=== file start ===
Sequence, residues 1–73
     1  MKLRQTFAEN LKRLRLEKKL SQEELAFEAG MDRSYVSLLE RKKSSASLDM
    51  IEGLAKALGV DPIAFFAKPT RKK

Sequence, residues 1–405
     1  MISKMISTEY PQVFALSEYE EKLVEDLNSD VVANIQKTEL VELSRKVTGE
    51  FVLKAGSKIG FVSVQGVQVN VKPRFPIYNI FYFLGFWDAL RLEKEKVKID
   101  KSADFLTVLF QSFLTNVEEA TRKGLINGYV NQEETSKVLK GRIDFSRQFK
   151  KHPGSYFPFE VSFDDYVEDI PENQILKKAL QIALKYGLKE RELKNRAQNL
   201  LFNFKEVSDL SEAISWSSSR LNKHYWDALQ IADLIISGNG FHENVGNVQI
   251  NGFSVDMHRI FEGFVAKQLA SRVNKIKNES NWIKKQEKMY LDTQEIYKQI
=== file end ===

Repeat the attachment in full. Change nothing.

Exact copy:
Sequence, residues 1–73
     1  MKLRQTFAEN LKRLRLEKKL SQEELAFEAG MDRSYVSLLE RKKSSASLDM
    51  IEGLAKALGV DPIAFFAKPT RKK

Sequence, residues 1–405
     1  MISKMISTEY PQVFALSEYE EKLVEDLNSD VVANIQKTEL VELSRKVTGE
    51  FVLKAGSKIG FVSVQGVQVN VKPRFPIYNI FYFLGFWDAL RLEKEKVKID
   101  KSADFLTVLF QSFLTNVEEA TRKGLINGYV NQEETSKVLK GRIDFSRQFK
   151  KHPGSYFPFE VSFDDYVEDI PENQILKKAL QIALKYGLKE RELKNRAQNL
   201  LFNFKEVSDL SEAISWSSSR LNKHYWDALQ IADLIISGNG FHENVGNVQI
   251  NGFSVDMHRI FEGFVAKQLA SRVNKIKNES NWIKKQEKMY LDTQEIYKQI